From the first time she spoke, I loathed her. It wasn’t what she said, but the way she said it, the nervousness in her voice making everything come out in a tremulous laugh. It seemed impossible for her to answer a question without sounding like a quivering hyena. Slowly this annoyance grew to my first all-out hatred. All she had to do was open her mouth, and it would pour out of me in noxious waves, tainting whatever she said. These days, it seems like hatred is all around us. People judge others on things that don’t fully represent them, from anything as complex as the color of their skin or a difference in religion to something more simple like the way they speak. I was once one of these people. I thought that love came easily and that hatred was an extreme, but slowly I grew to learn that it was hatred that came easily, but love, that was hard. To look at a person and see past our annoyances and prejudices to what their full character is, to learn to love them, that’s the challenge.
When I was in sixth grade, my best friend became close to a different girl I heartily disliked. This second dislike, which was for similar, unkind reasons, coupled with the sense that I felt like I was losing my best friend, led me to another hatred, just as fierce as the first. Yet, when seventh grade rolled around, and we were put in the same French class, I finally got to know her, and as the year went by, a friendship blossomed between the two of us. By the end of eighth grade, it seemed hard to believe that I had ever disliked her. To this day, we are still close friends.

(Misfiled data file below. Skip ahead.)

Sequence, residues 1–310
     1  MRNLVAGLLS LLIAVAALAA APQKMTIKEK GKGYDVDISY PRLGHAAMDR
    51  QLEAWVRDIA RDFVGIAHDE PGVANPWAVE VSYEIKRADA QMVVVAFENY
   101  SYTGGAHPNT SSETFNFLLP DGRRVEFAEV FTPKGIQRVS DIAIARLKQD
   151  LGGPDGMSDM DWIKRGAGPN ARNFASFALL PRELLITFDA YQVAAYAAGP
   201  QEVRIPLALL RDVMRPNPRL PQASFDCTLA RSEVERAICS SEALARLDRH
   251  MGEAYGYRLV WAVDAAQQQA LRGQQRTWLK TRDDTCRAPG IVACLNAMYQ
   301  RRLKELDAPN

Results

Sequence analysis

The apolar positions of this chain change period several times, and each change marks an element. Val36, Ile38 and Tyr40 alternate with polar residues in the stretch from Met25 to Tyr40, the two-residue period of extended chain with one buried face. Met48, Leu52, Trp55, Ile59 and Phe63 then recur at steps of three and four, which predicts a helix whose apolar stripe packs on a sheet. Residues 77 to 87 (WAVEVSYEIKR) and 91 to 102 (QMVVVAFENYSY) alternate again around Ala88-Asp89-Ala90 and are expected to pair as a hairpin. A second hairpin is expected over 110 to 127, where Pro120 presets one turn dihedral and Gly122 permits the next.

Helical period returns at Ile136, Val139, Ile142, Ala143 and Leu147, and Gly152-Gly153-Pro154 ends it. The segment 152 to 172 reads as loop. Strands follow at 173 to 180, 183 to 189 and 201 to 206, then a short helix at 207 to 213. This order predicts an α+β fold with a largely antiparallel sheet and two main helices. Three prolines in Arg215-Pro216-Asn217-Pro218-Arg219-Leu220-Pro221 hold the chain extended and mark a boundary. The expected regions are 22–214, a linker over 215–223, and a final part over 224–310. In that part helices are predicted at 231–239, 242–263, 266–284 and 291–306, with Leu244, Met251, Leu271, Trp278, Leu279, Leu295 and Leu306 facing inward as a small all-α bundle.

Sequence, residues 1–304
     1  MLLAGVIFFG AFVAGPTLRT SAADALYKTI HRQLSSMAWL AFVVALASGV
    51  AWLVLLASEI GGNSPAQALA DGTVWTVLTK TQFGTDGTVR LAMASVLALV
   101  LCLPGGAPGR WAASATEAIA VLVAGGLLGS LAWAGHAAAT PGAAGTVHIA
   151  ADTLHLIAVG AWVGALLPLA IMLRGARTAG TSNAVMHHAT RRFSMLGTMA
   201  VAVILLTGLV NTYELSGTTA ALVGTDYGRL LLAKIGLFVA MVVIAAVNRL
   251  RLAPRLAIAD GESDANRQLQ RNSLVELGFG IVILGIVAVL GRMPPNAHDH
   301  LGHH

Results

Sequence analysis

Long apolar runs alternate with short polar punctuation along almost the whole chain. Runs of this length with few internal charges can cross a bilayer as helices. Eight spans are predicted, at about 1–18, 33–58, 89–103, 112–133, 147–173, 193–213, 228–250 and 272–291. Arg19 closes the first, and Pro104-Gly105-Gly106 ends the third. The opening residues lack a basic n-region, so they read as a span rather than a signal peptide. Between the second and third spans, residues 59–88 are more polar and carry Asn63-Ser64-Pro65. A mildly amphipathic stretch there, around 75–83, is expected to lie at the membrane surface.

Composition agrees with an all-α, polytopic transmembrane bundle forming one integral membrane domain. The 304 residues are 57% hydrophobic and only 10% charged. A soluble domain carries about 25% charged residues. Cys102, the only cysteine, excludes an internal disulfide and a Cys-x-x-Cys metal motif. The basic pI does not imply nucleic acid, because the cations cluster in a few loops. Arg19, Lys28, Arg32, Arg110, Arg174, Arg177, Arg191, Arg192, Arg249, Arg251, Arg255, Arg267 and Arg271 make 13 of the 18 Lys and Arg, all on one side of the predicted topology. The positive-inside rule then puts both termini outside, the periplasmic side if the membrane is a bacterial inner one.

Looking back, it strikes me as incredibly sad that I had spent a year bitterly hating someone whom I have grown to love. I had wasted valuable time and energy on a passion that took me farther and farther from discovering our friendship. It was easy, oh so easy, to see her faults and overlook her virtues, so easy to form an opinion about her without ever getting to know her. It was easy to let the hatred blind me, to allow it to blanket all that was good. Hatred, after all, seems to reside in all of us. It does not need to be taught but comes naturally. It has become clearer and clearer to me, though, that one has to learn to love, to look for the hidden qualities in each person that reveals the fullness of their character. In To Kill A Mockingbird, a surprised Scout Finch tells her father, “Atticus, he was real nice,” and her wise father responds, “Most people are, Scout, when you finally see them.” And this I believe. I believe that one should never allow oneself to hate without first trying to love. I look back on my first hate, when I heard the voice instead of seeing the person, and realize that it was I who had the problem.
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